Home Video Hovel: Dark Angel, by Aaron Pinkston
Dark Angel was perhaps a casualty of the 1980s action movie star system. If Detective Jack Caine (definitely an action movie name) was played by Arnold Schwarzenegger, Sly Stallone, or even Hulk Hogan, it probably would have been remembered and maybe even a hit. I certainly hadn’t heard of the film, also released as the more appropriately titled I Come in Peace, and so my expectations were pretty low. Turns out, it’s a pretty decent low-budget action film — not on the level of the best of the era and not without problems, but worthy of its new release on Blu-ray.
Instead of an A-lister, Houston vice cop Jack Caine is played by Dolph Lundgren. Yes, the hulkish Swede best known as a jacked up Russian pugilist. Like the film, Lundgren actually isn’t too bad, not nearly as miscast as he seems on paper. As expected, he’s hollow at times and you can’t help but think of Arnold gushing over the one-line zingers, but he has just enough natural charisma and certainly the physique to pull it off. The character has a cool, laid back demeanor and needs to be both rugged and quick-witted. Lundgren doesn’t hit a homerun, but his on base percentage is good enough to carry the film.
The plot of Dark Angel puts Caine in the path of an alien drug dealer, come down to Earth to harvest a potent drug specific to our planet. Without getting into specifics, the sci-fi premise is actually pretty inventive and maybe even smart (at least not stupid). Though the film doesn’t necessarily comment on the war on drugs, it uses the widespread problem and heightens it to an extreme. By using a menacing alien as the stereotypical drug dealer, the film also uses the cinematic trope of aliens coming down to kill humans for our resources, tweaking the resource to be an illegal drug. If this was the plot of an episode of The X-Files (and maybe it is, I don’t know), it wouldn’t feel too out of place.
The alien design is simple, but manages to be adequately creepy. They look like any random villain from the era: massive, with a bad haircut, blank stare, dressed in a black trench coat. Still, they’re adeptly emphasized in their greatest attribute, in that they are freaking huge. This is done partly through shot selection tricks, but even when they are in full frame they still carry their imposing stature. The main baddie is played by Matthias Hues, a German Olympic athlete who stands at 6’8 and is particularly good in action. His size and athleticism are put to good use, as he plays his own stunt man in his action set pieces. Hues isn’t asked to do too much in the acting department, just sort of be big and mean, so that works well enough. As a bit of trivia, the second alien is played by Jay Bilas, a former basketball player at Duke who is now a top hoops analyst at ESPN.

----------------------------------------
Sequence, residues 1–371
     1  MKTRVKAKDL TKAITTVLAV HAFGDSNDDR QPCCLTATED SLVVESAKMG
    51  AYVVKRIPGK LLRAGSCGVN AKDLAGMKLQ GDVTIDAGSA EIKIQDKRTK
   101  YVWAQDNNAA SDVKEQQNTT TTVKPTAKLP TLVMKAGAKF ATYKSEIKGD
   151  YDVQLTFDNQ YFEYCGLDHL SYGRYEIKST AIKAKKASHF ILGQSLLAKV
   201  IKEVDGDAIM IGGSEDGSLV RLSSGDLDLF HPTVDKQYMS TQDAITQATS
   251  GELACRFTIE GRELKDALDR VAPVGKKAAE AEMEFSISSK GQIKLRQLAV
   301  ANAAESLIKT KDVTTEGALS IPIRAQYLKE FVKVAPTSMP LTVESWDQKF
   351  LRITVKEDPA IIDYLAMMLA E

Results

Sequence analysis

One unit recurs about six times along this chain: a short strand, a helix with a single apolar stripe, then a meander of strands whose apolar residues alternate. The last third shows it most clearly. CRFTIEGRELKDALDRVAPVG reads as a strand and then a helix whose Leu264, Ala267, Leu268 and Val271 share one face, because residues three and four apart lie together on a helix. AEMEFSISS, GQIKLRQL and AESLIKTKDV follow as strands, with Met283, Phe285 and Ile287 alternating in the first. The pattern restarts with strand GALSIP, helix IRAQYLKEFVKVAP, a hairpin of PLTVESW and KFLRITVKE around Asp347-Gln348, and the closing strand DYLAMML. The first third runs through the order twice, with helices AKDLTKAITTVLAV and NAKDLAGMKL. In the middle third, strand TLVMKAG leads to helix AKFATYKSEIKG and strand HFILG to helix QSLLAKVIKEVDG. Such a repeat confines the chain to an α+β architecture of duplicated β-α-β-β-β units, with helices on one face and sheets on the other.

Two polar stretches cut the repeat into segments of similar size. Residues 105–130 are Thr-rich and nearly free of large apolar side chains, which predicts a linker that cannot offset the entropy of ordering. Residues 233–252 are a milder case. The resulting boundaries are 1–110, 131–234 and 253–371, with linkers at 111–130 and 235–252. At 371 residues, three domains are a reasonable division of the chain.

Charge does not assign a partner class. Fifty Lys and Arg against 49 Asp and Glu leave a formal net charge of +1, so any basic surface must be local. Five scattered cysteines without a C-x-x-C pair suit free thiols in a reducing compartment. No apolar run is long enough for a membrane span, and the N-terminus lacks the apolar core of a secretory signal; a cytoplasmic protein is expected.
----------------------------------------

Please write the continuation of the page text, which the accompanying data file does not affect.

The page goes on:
To focus on the negative, Dark Angel takes on a little too much in terms of style and genre. It is best in its sci-fi/horror set-up, but also crams in a buddy cop comedy, hard boiled neo-noir and the obvious 1980s-style action flick. Taking all this on, it feels a bit jumbled at times. As the third act kicks in and the final showdown is in full effect, the film feels like a Terminator knock-off. Dark Angel is a bit derivative by the end, but it is undeniably watchable and entertaining. It also doesn’t play full-on into camp, which probably would have been easy, but ultimately make the film more disposable. I imagine those that do remember it have fond memories and I’m glad that it gets an opportunity to meet a new audience now with this release.
Released by Shout! Factory, this is the second recent film they’ve put out that I’ve reviewed for this site (along with the much inferior The Incredible Melting Man). Like Melting Man, the Blu-ray transfer is really good — though the films Shout! Factory has released may not be the top of the line, they put a commendable amount of care to make sure the film looks good and is worth seeing. Included on the Blu-ray is a 25-minute interview feature with director Craig R. Baxley and stars Dolph Lundgren and Brian Benben. The feature touches on the production of the film and has a generally “we had so much fun” tone. There wasn’t a lot of talk about problems in the production that a small-budget film usually has; Baxley actually praises the work of his special effects people for doing such good work without much money (Lundgren also mentions that there wasn’t CGI back then at least 4-5 times). Though the interviews don’t do much to help enhance the film, it is thoughtfully produced, using footage from the film to highlight specific scenes or moments the talking heads mention.